Both cables sounded very neutral and offered little hint of any coloration and they were both very well extended on both extremes of the frequency spectrum. But I’m afraid that the similarities stop there. Although the BiFocal XL is a great cable by any standard, KS 3038 outclassed it in all other areas.
Probably the most obvious or striking characteristic of KS 3038 is that its sound stage is far bigger and deeper. You get a degree of openness you wouldn’t imagine your system could possess, with an enormous sense of air between the instruments. You can hear each and every one of the instruments with great clarity and can easily pinpoint them in the space. They become more alive, real and palpable with extremely well defined contours.
KS 3038 is so transparent and neutral that it doesn’t seem to have a tonal characteristic of its own, with the excellent BiFocal XL sounding somewhat darker in comparison.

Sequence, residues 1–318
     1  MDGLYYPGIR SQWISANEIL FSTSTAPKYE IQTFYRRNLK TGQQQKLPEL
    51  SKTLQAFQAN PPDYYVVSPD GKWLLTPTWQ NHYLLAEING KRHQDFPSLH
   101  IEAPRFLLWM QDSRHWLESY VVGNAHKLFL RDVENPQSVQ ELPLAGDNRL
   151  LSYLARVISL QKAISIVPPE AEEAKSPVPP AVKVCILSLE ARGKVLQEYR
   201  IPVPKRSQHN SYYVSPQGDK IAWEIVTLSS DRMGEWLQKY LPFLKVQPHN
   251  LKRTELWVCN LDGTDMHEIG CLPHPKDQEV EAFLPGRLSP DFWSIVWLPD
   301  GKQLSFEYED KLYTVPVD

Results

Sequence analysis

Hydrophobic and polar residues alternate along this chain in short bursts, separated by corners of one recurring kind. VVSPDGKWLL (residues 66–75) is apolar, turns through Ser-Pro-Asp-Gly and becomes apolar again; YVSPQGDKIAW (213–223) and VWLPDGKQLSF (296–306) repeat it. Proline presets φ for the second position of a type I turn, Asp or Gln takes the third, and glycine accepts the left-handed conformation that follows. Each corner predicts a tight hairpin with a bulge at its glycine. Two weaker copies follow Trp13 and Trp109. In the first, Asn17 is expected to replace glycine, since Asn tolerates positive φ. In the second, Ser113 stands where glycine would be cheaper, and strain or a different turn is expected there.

The clarity and resolution of the KS 3038 is of the “jaw dropping” degree. In fact, this is exactly what happened to me the first time I heard them, it took me a while to get my lower jaw to rejoin join the upper one. The low level detail, inner details, the definition of the contours and the overall detail is of exemplary level. In fact, I was able to hear the felt of the piano’s hammer hitting the strings; I became conscious of the felt’s presence in the recording.
The KS 3038’s bass is much better defined than the BiFocal XL. It is crisper. The dominant double bass of the first track of Rickie Lee Jones’ It’s Like This [Artemis Records 751 054-2] became cleaner and stopped violating other frequencies territories. Its slam and control became more apparent while listening to Shostakovich’s Symphony 8,Concertgebouw/Haitink [Decca 411 616-2]
KS 3038’s high frequencies have more clarity and sparkle, yet they never become edgy, tiring or harsh. Instruments like cymbals and triangles sound very detailed and liquid with a slight degree of zesty silkiness, which is not at all coloration, but the inherent natural timber of those instruments.
In addition, I noticed that with KS 3038 I could increase the volume to higher levels than I used to. It gave me a feeling of a bigger dynamic range.